May 7, 2000

At Rally for Low-Paid Workers, Protesters Reject Harvard Plan


CAMBRIDGE, Mass., May 6 -- Three days after Harvard University released a long-awaited report on how it would improve compensation for its lowest-paid employees, several hundred students and their supporters, including the actors Matt Damon and Ben Affleck, denounced the report today at a rally on campus.

It was a noisy sign that despite what the administration called a "very progressive" program of education and benefits that would cost the university more than $2.3 million per year, the protesters were not backing down from their demand for a $10.25 per hour minimum wage for all university employees.

The debate has centered on the university's part-time, temporary and contract workers, some of whom make about $6.50 per hour.

Speaking from the granite steps of Harvard's columned Littauer Hall, in front of a banner that read "Workers can't eat prestige," Mr. Affleck and Mr. Damon told the crowd about growing up in Cambridge. They said the disparity between the wealth of Harvard's endowment and the pay of its blue-collar workers inspired them to write the 1997 film "Good Will Hunting." In the film, Mr. Damon played a janitor at another distinguished Cambridge school, the Massachusetts Institute of Technology.

The two saw both sides of university life. Mr. Damon, who attended Harvard, said he was embarrassed by his alma mater's pay rates. Mr. Affleck said his stepmother, who scrubbed toilets for $5.75 an hour, and his father, who handed out vacuums and brooms, were part of the "low-skilled" work force at Harvard.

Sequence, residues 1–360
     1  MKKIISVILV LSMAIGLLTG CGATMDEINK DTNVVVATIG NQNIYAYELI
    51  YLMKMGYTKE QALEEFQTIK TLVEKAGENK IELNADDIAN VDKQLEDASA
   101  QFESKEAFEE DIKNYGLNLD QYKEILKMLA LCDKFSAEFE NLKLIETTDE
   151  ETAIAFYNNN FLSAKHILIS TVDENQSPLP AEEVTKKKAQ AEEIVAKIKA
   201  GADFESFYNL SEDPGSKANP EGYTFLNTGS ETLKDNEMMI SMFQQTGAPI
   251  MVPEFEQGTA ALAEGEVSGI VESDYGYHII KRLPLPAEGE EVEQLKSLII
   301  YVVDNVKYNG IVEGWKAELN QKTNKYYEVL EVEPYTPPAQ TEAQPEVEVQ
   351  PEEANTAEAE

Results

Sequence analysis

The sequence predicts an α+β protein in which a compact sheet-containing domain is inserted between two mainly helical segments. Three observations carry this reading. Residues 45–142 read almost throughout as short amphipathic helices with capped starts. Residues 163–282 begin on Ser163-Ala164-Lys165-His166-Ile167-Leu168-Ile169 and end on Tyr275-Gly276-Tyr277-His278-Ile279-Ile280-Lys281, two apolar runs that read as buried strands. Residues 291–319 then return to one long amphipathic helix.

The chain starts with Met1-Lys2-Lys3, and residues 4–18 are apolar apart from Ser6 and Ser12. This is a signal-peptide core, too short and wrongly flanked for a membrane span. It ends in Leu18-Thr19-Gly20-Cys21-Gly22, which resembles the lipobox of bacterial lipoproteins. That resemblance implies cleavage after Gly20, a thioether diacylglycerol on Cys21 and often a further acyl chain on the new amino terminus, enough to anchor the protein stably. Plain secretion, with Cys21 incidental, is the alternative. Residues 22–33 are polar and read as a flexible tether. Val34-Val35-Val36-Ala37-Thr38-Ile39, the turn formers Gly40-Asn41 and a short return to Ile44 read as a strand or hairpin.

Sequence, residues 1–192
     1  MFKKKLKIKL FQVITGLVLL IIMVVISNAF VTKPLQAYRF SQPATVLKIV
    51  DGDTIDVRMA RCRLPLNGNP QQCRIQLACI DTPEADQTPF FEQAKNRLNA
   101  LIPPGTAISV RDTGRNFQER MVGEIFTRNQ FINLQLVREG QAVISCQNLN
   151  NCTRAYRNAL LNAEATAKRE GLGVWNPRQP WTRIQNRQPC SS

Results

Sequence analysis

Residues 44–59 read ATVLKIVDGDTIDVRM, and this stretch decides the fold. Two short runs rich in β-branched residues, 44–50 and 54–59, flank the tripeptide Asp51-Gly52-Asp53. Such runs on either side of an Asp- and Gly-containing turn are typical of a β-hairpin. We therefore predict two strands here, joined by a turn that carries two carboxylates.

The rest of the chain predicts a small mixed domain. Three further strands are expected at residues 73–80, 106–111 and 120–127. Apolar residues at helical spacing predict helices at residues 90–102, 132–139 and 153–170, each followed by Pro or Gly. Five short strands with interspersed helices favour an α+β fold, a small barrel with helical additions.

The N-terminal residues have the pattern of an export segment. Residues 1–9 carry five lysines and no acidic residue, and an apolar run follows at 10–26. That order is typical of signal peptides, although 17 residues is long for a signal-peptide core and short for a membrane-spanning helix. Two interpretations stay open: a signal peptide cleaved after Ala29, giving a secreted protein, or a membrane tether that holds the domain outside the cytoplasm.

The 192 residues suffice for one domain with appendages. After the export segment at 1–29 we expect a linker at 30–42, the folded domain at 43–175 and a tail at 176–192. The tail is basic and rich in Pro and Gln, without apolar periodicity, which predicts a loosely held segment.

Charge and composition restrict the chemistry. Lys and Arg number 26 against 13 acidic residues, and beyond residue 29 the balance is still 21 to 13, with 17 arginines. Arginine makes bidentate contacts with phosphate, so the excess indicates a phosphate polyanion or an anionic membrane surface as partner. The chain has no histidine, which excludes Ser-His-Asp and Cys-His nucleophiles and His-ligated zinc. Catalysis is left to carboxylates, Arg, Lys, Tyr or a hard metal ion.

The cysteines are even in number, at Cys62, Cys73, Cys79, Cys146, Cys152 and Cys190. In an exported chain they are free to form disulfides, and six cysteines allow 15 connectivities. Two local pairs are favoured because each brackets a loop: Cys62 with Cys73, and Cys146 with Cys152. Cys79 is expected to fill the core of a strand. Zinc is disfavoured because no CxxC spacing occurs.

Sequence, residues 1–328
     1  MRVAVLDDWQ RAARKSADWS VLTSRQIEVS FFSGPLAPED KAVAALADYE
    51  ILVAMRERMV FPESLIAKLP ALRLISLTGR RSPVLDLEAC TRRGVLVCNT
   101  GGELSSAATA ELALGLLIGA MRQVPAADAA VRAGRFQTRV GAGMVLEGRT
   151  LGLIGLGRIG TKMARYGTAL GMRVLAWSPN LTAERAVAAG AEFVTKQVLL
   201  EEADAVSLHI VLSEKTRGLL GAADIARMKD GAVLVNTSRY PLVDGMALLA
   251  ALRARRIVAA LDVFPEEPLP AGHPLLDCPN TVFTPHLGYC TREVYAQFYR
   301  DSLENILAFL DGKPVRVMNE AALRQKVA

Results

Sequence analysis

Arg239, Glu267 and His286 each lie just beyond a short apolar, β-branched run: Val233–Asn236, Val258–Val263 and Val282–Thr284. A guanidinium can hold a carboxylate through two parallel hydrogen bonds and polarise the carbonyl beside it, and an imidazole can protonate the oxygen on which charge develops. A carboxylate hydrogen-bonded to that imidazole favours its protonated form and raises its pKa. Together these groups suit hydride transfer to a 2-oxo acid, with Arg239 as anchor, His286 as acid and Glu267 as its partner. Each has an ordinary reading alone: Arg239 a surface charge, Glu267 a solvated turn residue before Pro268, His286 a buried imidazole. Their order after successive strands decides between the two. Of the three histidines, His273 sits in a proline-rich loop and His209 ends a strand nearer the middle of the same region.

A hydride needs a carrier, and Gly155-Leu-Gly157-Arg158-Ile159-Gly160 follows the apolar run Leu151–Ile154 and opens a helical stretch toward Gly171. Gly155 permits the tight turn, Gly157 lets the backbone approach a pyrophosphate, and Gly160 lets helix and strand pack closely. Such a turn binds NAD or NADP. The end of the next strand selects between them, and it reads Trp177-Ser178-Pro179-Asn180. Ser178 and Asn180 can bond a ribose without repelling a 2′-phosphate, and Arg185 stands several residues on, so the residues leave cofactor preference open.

"He was often treated brusquely and with little respect, although not by the students," Mr. Affleck said of his father.

He added, "This is honest work, and there is honor in doing it."

Students began organized demonstrations here in 1998, calling for a "living wage" for the university's workers. Other universities, including Stanford, Brown and Johns Hopkins, have started similar campaigns.

In response, a faculty committee spent 15 months studying Harvard's labor policies, finally deciding against raising take-home pay. Instead, in a proposal released on Wednesday, the committee recommended that the university give health benefits to employees who work at least 16 hours a week (the previous threshold was 20 hours) and that Harvard contract only with companies that subsidize health care for their workers. It also called for more continuing education and worker training programs.

The committee argued that pay scales were negotiated through employee unions.